L’Italiana in Algeri – dramma giocoso in two Acts to a libretto by Angelo Anelli [sung in Italian, with English Met Titles by Sonya Haddad]
Elvira – Ying Fang
Zulma – Rihab Chaieb
Haly – Dwayne Croft
Mustafà – Ildar Abdrazakov
Lindoro – René Barbera
Isabella – Marianna Pizzolato
Taddeo – Nicola Alaimo
The Metropolitan Opera Chorus
The Orchestra of the Metropolitan Opera [Bryan Wagorn (harpsichord continuo)]
Jean-Pierre Ponnelle – Production & Design
David Reppa – Associate Designer
David Kneuss – Stage Director
Reviewed by: Christopher Browner
Reviewed: 4 October, 2016
Venue: The Metropolitan Opera, Lincoln Center, New York City
Rossini composed effervescent comedies such as Il barbiere di Siviglia and La Cenerentola, and other masterful farces that are performed with less frequency, making the Metropolitan Opera’s latest revival of L’Italiana in Algeri eagerly anticipated.
It’s an evening of over-the-top shenanigans and ostentatious musical pyrotechnics. Music Director Emeritus James Levine led a taut, buoyant account of the score that featured beautiful solo playing. Jean-Pierre Ponnelle’s 1973 production holds up remarkably well with its animated direction and vivid sets, and makes a strong case for this underperformed romp.
As the romantic leads – the eponymous ‘Italian Girl’ Isabella and her lover Lindoro – Marianna Pizzolato and René Barbera correspondingly were both making their Met debuts. Pizzolato (replacing Elizabeth DeShong for the run) brought charm and expressive acting to the role and sang with creamy timbre, her impeccable technique evident in fiendishly difficult runs and patter as well as in top notes. Barbera was tentative in Act One, but as the evening progressed he found greater confidence and ultimately threw himself into a likeable interpretation. He melted hearts with ardent tone and thrilling high notes.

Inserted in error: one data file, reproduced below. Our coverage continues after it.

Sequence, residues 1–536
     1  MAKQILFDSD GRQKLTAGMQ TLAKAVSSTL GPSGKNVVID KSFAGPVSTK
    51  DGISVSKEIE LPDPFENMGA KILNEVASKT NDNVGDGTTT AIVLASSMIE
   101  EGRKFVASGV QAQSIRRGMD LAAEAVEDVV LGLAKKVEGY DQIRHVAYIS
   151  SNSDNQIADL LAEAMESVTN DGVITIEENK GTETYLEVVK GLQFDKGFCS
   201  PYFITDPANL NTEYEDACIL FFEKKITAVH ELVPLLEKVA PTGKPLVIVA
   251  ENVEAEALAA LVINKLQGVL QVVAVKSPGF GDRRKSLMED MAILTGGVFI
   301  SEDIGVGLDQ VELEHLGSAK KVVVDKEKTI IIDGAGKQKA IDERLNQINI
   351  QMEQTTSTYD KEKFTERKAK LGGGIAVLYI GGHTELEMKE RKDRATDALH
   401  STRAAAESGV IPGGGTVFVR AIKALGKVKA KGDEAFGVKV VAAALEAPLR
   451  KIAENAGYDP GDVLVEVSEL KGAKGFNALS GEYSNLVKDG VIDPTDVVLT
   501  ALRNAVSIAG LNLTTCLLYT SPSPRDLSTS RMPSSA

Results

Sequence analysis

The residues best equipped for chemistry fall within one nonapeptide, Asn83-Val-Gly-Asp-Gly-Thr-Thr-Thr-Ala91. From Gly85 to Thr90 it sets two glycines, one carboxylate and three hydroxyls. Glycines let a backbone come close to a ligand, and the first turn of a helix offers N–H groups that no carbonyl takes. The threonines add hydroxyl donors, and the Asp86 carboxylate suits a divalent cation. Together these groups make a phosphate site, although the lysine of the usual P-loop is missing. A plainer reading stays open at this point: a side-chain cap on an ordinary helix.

As the Bey Mustafà, Ildar Abdrazakov stole the show with unflagging energy, exuberance, charisma, and outlandish hi-jinks. In recent seasons, New York audiences have seen Abdrazakov portray such fearsome characters as Prince Igor and King Henry VII in Donizetti’s Anna Bolena, so it was a joy to witness his comedic acting.
Nicola Alaimo projected well as Taddeo, his vocalization fitting his nervously agitated character, and Ying Fang brought shimmering tone and crystal-clear high notes to Elvira. As Haley and Zulma respectively, Dwayne Croft and Rihab Chaieb contributed to the overall hilarity.